Dollar Continues its Year-End Climb
Good day… We got hit pretty hard over the weekend with our first winter storm. Usually the weather guys over-dramatize the forecast, predicting 6 inches and we barely get a dusting. But this time they were spot on, and we got hammered with two storms in a row, which dumped a total of between 6 and 8 inches of snow. It made for a great day yesterday, as the kids were playing in it all day long, only breaking to come in and warm up with some hot chocolate.
The currency markets also got dumped on over the weekend. The CPI number came in above expectations at 0.8% MOM and 4.3% YOY. After Thursday’s jump in PPI, the higher CPI was expected, but the markets still ran with the number and the dollar rallied. Yes, the dollar rallied on data that shows inflation is running higher than expected.
I had a reader email me with the obvious question, “Why would higher inflation cause the dollar to strengthen? Isn’t inflation, by definition, bad for the dollar?” Yes, continued high inflation in a country will eventually destroy that country’s currency, but the markets don’t bother to look long term. Today’s markets look at the short term implications of the numbers; and in the short term, higher inflation will mean the FOMC won’t be able to lower rates, and the higher rates should help support the U.S dollar.
Again, I don’t buy into this argument, but I also know you can’t fight the markets; and right now the currency markets want to take the dollar stronger. The dollar extended its gains against the euro (EUR), climbing to the highest in seven weeks. And the euro won’t get any help from a report released this morning that suggests Europe’s economy is heading for its slowest growth in three years. But while the European Central Bank cut its forecast for economic growth next year, it’s held off reducing interest rates as the inflation rate reached a six-year high.
Many very respected analysts expect the FOMC will (or at least should) get much more aggressive with rate cuts going forward. And with the ECB keeping rates steady, the euro will likely be underpinned by a narrowing interest rate differential.
John Mauldin, a very respected analyst and good friend of EverBank, wrote very eloquently on what I believe will be the next big ‘surprise’ to the markets: Stagflation. Here is an excerpt from his weekly newsletter, which I read last night:
“1% Growth plus 4.3% Inflation = Stagflation
“I wrote three years ago that the best end result of keeping interest rates so low for so long would be a mild stagflation, and here we are. This quarter will see 4% inflation with a probability of 1% growth, so what should the Fed do? Fight inflation with rate hikes or standing pat? Or fight a recession with rate cuts?
“If we are going into a recession, and I think we are, then that is by definition deflationary. When we have two asset bubbles bursting at the same time that is deflationary. Inflation will not be a problem in six months if we do not jump start the credit markets. Let’s look at what Alan Greenspan said four years ago, in one of his better speeches entitled ‘Monetary Policy under Uncertainty.’ It starts with the sentence:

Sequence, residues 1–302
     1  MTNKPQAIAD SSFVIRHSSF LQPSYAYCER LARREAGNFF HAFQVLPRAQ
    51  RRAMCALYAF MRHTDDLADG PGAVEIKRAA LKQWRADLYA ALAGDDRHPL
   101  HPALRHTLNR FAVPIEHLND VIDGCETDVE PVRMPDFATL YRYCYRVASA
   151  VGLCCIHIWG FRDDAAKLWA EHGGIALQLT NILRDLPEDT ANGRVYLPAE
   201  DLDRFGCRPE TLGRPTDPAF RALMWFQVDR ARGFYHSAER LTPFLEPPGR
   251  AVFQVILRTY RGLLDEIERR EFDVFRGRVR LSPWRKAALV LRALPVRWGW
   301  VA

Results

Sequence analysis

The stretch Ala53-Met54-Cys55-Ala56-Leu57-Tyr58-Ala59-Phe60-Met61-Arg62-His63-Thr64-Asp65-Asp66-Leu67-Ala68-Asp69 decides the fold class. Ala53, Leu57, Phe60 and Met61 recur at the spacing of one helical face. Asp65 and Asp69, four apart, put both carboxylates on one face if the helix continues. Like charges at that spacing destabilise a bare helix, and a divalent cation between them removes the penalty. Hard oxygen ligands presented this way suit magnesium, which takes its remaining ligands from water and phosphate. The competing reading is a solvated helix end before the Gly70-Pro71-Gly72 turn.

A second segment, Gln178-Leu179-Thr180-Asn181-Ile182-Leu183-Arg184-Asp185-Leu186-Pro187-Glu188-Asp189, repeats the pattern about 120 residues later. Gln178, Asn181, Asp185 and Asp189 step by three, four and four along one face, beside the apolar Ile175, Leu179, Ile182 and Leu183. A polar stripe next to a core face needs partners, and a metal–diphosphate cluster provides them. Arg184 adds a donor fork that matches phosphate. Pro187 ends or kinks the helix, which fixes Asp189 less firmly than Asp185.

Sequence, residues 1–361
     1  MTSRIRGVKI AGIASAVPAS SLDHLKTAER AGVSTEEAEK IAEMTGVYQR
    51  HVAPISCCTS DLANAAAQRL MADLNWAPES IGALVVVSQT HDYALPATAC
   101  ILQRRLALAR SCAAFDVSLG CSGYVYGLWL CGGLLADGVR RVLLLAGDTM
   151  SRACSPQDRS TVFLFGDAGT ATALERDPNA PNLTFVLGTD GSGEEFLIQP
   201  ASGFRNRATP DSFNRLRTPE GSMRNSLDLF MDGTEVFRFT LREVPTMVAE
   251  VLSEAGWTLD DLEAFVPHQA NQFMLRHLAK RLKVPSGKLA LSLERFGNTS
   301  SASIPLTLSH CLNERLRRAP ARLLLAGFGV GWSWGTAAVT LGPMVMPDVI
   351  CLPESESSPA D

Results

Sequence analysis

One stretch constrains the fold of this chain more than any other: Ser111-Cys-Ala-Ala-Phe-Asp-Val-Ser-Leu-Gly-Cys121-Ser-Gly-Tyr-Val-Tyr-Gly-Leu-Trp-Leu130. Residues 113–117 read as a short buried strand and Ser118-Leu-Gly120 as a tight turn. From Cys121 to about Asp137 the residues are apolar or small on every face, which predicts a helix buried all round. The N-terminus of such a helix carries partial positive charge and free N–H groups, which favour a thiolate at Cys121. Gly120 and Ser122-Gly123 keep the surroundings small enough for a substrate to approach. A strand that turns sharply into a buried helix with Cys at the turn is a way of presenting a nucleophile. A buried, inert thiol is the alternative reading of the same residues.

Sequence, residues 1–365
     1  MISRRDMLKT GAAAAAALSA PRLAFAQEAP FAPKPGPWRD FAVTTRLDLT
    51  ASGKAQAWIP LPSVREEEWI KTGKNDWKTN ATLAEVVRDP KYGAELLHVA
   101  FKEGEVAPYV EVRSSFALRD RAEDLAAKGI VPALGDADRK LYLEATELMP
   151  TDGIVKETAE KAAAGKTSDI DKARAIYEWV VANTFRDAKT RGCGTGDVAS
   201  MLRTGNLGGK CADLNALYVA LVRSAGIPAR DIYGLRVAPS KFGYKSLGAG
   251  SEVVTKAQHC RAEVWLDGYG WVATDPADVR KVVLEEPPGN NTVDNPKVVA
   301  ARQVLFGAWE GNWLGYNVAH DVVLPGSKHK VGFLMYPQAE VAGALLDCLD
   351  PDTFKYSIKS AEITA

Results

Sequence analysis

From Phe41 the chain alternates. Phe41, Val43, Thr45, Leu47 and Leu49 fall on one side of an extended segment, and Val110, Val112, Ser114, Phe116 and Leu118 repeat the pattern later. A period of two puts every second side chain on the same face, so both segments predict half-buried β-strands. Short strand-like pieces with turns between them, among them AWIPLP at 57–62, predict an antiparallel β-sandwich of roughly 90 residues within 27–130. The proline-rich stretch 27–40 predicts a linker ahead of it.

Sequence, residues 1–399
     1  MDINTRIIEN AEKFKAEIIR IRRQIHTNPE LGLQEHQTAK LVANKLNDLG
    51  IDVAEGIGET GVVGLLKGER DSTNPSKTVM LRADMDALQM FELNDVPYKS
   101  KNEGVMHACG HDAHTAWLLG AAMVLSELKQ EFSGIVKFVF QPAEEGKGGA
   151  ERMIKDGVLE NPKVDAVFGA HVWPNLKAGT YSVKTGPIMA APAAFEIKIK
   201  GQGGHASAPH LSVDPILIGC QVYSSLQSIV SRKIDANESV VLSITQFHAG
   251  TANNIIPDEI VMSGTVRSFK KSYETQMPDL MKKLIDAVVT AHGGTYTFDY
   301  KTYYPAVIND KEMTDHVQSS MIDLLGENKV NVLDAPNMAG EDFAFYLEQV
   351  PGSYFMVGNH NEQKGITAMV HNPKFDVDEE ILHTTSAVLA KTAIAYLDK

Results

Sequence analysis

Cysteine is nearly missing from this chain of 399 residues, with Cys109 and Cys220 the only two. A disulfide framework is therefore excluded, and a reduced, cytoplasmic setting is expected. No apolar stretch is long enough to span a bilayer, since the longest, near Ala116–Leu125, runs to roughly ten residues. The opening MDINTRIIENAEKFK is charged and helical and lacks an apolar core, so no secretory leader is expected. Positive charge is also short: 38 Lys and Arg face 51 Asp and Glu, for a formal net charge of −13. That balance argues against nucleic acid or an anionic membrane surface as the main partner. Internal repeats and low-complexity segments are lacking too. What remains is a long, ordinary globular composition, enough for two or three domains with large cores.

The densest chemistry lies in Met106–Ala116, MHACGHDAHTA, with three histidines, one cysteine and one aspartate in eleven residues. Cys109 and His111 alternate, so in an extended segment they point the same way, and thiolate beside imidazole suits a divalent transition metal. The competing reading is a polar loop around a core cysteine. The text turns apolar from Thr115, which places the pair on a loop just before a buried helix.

“‘Uncertainty is not just an important feature of the monetary policy landscape; it is the defining characteristic of that landscape.’
“It then goes on to tell us just how uncertain monetary policy is:
“‘Despite the extensive efforts to capture and quantify these key macroeconomic relationships, our knowledge about many of the important linkages is far from complete and in all likelihood will always remain so. Every model, no matter how detailed or how well designed conceptually and empirically, is a vastly simplified representation of the world that we experience with all its intricacies on a day-to-day basis. Consequently, even with large advances in computational capabilities and greater comprehension of economic linkages, our knowledge base is barely able to keep pace with the ever-increasing complexity of our global economy.’
“‘Look, guys,’ he tells us (my paraphrasing), ‘stop looking at three different trends, running them out ad infinitum and then drawing a conclusion about the wisdom or stupidity of our decisions. The factors affecting your trends are so complex that any number of significant events could change the relationships between your trends and the desired policy.’
“Further, he points out that the traditional measures of money stock are becoming increasingly meaningless. The obsession with M-2 or M-3 makes for good newsletter copy, but what do such broad aggregates mean in a world where new forms of money (SWAPs, derivatives, mortgages bonds, etc) appear every day? The implication that the old linear relationships between money supply (as measured by some arbitrary and outdated statistic like M-2) and inflation may no longer be valid.